Pulp Fiction Redux #2

The Killer Inside Me

By Jim Thompson

Though relatively few serial murders operate at any given time in the U.S., the volume and cold-blooded brutality of their crimes fascinate people, albeit in a horrifying way. (For more on these killers, see the FBI report Serial Murder.) Because the actions and especially the psychology of serial killer is just plain interesting, writers have populated their fiction with them for years, and broadcast media, for their part, have sought ratings with them, i.e. The Following. Few writers, however, have portrayed the demented serial killer as frighteningly and humanly as the great pulp fiction dean of the 1950s, Jim Thompson. Still to this day, few books measure up to Thompson’s classic The Killer Inside Me.

Only a few get to know firsthand the evil that lurks in the hearts of men, and women, too, as well and as intimately as Thompson did. Born in 1906 in the Oklahoma Territory (statehood date: November 16, 1907), he was bright, an avid reader, began writing at an early age, and didn’t much care for formal education. He smoked heavily. He drank heavily. And in his teens, during Prohibition, he worked as a bellboy at the Hotel Texas (a National Register building, now operated by Hilton). Those were wild times in Texas, affording Thompson an eye-opening look at the seamy side of life, as in illegal liquor, drugs, and sex, all of which he procured for guests. It wouldn’t be overstating to say he received the pulp and crime writer’s perfect education.

Thompson’s The Killer Inside Me appeared in 1952. In it, Lou Ford is a consummate serial killer created by a writer who, as the above brief bio demonstrates, knew his way around the dark nooks and crannies of the troubled, impassioned, and diseased minds of wayward people better than most, and who masterfully portrayed these traits in simple, stark, and powerful language, as in this pulp literature masterpiece.

The Killer Inside Me, among his best, serves as the blueprint for the nearly-perfect serial killer novel because it plunks you down inside the mind of the killer; you see the world through his off kilter eyes. If you’re looking for crime fiction that stands heads and shoulders above the usual genre fare stuffed with overly dramatized and generally implausible protagonists, The Killer Inside Me may be what you want.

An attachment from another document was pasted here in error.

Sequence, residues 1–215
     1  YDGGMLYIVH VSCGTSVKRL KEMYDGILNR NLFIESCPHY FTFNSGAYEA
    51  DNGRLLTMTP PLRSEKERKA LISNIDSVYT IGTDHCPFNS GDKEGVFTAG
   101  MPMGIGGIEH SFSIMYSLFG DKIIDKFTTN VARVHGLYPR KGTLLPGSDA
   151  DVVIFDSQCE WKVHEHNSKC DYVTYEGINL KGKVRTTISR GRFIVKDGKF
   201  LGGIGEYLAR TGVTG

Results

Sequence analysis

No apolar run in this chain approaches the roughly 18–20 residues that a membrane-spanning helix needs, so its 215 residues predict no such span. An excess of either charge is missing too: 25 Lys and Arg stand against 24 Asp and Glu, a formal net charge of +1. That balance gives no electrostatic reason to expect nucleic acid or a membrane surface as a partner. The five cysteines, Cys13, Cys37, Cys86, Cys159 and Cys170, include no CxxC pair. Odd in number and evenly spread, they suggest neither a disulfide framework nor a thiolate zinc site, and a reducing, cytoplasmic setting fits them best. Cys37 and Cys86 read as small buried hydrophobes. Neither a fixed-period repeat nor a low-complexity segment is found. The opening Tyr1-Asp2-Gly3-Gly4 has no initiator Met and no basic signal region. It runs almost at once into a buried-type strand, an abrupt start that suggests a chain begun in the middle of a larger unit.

The Killer Inside Me offers you Lou Ford, the aw-shucks deputy who appears a little slow on the uptake, who handily dispenses clichés upon every occasion, who, in short, strikes you as a pretty nice, ineffective guy in the beginning and then in the end, amazingly, given his predilection for murder, a sympathetic, tormented man. It’s a credit to Thompson’s skill that you feel for Ford in at the conclusion.

Don’t assume that just because The Killer Inside Me appeared in 1952 that the prose is censored milquetoast. Thompson’s writing is blunt and raw, as in the scene in which Lou cold-bloodedly kills Joyce, the prostitute he’s been frequenting and abusing as he executes his plan of revenge against local big-deal Chester Conway: “I backed her against the wall, slugging, and it was like pounding a pumpkin. Hard, then everything giving away at once.” Or this, after inflicting a brutal beating upon his fiancé, leaving her barely alive while he awaits the person he plans to frame for her murder: “I sat down and tried to read the paper. I tried to keep my eyes on it. But the light wasn’t very good, not good enough to read by, and she kept moving around. It looked like she couldn’t lie still.” Those are the thoughts of a true psychopath.

Don’t fear extraneous excursions into back stories and side narratives; or excessive descriptions of the countryside or characters. Thompson gives exactly enough to provide context and move the story along swiftly. That’s no mean ability; it earned him a living as a screen and television writer for Stanley Kubrick and others.

Do expect sharply drawn characters. You’ll get to know Lou, Joyce, Elmer, Chester, Johnnie (who put his trust in a psychopath who understood only self-preservation), Amy (who campaigned to marry Lou to unfortunate results), and the others not through elaborate descriptions but through what they say and do.

And do expect a realistic serial killer who goes about his business in a straightforward way, a killer who is at heart a sociopath, a manipulator of people, who Thompson based on emerging research on psychopathology, research that forms the foundation of modern thinking about these people.

Highly recommended not only as the best of crime fiction but also a fine literary experience. And don’t accept the filmed versions as a substitute for the real thing, please. w/c


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